Budget response from Gary Killeen, UK commercial director at GE Fleet Services:
On the modified Benefit in Kind rates:
“By freezing Company Car Tax for all cars below 95g/km in 2013-14 and increasing it by 1% for all cars above, the Government is positing that figure as the new fleet emissions benchmark.
“This is an expected target in line with ongoing Company Car Tax changes. However, it is worth pointing out that fewer than 1% of available cars currently fall into the sub-95 g/km category which gives some idea of the challenge that it represents. Certainly, manufacturers will have their work cut out in providing a wider range of models suitable for fleet use that reach this figure.
“We were also disappointed to see that no clarification has been provided on Company Car Tax rates beyond the 2013-14 tax year. This means that fleets and drivers are today buying ‘blind’ in taxation terms – they have no idea of the tax demands that will be made on them in 2014-15 and 2015-16.”
On fuel duty and free fuel benefits
“The reduction in fuel duty is welcomed and not to be dismissed but is likely to be quickly swallowed up in future fuel price rises. It is interesting to note that the new stabilizer is being proposed at $75 per oil barrel limit but with prices currently above $115, this seems unlikely to ever be triggered, certainly while unrest continues in the Middle East and worldwide demand continues to rise.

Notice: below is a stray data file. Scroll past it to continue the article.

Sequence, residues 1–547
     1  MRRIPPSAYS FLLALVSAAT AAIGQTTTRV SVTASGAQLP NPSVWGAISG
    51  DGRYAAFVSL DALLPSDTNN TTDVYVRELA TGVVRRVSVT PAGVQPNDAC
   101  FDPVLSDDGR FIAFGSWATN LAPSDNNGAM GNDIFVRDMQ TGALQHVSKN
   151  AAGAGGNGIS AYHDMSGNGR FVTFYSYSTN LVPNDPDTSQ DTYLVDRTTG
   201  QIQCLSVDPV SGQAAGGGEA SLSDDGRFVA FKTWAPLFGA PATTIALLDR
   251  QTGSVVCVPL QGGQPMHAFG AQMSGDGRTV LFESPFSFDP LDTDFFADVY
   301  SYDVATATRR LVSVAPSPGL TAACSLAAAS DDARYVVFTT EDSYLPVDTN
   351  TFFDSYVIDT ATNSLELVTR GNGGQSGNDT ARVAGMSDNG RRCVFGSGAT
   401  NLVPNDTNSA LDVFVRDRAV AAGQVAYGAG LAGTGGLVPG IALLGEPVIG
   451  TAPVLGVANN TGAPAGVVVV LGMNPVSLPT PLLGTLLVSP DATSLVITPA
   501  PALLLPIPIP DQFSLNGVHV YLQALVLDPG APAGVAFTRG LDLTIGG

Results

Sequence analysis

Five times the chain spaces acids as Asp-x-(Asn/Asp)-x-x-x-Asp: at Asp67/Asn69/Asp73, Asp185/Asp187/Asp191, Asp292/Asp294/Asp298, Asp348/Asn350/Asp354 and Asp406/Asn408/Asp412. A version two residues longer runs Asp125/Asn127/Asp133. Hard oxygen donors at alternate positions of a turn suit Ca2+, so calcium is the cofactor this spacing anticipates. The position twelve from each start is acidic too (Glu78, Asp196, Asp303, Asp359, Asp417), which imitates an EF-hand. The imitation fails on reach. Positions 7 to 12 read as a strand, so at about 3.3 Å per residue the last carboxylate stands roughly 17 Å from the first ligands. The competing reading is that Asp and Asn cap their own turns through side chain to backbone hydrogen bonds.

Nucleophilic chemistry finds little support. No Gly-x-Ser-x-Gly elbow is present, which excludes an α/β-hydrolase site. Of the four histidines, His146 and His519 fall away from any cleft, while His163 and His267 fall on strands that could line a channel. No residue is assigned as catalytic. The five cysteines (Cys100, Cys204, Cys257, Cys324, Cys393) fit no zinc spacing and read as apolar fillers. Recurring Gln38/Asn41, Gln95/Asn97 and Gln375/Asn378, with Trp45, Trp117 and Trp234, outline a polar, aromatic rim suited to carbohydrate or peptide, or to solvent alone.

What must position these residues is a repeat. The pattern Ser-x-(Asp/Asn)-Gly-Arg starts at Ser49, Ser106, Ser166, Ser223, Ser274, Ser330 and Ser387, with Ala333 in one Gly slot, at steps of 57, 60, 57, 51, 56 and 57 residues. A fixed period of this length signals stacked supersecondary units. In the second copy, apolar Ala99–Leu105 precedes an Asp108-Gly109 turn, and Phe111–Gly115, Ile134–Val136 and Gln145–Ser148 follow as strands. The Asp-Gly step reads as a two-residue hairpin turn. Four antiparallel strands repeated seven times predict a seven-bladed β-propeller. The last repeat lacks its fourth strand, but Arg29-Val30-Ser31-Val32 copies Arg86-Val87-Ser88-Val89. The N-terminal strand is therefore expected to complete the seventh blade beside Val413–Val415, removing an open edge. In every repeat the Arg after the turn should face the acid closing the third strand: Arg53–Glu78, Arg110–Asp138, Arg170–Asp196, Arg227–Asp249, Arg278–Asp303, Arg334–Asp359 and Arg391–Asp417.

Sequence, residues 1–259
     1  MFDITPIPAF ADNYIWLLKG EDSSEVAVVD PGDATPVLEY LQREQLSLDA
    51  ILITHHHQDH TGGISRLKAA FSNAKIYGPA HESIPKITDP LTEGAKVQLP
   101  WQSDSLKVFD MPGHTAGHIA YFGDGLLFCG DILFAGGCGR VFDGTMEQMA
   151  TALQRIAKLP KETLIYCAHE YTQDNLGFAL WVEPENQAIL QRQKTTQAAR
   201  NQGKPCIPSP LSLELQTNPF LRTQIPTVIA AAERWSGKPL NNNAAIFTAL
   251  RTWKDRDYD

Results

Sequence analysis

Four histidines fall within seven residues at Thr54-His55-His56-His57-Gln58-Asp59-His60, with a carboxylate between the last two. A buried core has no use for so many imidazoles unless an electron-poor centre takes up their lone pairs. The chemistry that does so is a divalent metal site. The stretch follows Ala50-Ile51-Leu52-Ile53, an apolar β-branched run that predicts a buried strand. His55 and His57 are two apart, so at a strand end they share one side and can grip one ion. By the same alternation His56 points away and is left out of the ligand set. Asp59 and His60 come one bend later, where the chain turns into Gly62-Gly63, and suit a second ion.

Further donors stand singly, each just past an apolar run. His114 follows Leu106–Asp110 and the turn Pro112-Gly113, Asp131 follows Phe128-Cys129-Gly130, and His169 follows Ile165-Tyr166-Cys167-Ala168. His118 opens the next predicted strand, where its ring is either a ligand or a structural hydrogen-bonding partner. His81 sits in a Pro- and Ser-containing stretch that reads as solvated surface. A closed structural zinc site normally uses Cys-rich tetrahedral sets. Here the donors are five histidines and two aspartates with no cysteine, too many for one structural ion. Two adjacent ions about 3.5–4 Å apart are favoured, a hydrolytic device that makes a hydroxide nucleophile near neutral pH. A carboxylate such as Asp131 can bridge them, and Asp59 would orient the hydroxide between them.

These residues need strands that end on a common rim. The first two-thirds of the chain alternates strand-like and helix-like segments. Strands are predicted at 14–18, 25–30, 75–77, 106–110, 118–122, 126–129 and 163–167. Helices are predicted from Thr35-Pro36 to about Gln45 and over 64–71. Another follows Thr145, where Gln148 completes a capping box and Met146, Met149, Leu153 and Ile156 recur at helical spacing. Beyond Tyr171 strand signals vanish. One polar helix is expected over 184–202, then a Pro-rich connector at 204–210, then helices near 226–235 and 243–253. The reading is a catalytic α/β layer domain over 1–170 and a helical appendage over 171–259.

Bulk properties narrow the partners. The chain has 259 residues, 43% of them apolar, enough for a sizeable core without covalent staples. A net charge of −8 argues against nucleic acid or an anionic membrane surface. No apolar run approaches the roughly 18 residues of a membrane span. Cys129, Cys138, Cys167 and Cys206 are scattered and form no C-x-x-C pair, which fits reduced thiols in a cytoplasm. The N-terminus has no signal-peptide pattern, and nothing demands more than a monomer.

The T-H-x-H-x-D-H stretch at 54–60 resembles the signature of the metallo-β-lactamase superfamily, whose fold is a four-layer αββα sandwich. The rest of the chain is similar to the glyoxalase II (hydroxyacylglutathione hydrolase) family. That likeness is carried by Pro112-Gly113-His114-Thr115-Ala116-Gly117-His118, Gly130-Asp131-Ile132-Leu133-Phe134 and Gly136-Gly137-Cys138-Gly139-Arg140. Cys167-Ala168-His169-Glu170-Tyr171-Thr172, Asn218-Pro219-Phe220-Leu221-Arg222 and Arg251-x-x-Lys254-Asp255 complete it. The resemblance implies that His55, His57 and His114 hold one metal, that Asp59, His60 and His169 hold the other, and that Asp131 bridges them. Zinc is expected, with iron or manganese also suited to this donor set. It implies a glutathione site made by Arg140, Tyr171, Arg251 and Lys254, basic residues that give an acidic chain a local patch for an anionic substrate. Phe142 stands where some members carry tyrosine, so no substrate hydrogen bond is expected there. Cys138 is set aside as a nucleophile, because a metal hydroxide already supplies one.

“The increase in tax payable on free fuel for company cars has risen from £18,000 to £18,800 and this rise is well below the increase in petrol and diesel prices seen in the last few months in percentage terms, meaning that it will effectively represent a net reduction in most free fuel bills. Governments have been discouraging free fuel provision for years, so is this a change in policy?”
On revised AMAP rates
“The increase in AMAP rates from 40 to 45 pence is worth noting because it is the first such change in many years and, consequently, will help to protect companies that currently operate employee car ownership schemes from increasing fuel prices. However, the increase of 5p per mile only addresses the typical increase in fuel costs over a relatively short period and, therefore, we do not anticipate a surge in new entrants to ECO schemes.
“Also providing welcome reassurance to existing ECO schemes is the news that the Government will not be including them in any future action regarding disguised remuneration, which we believe is a fair and positive development.”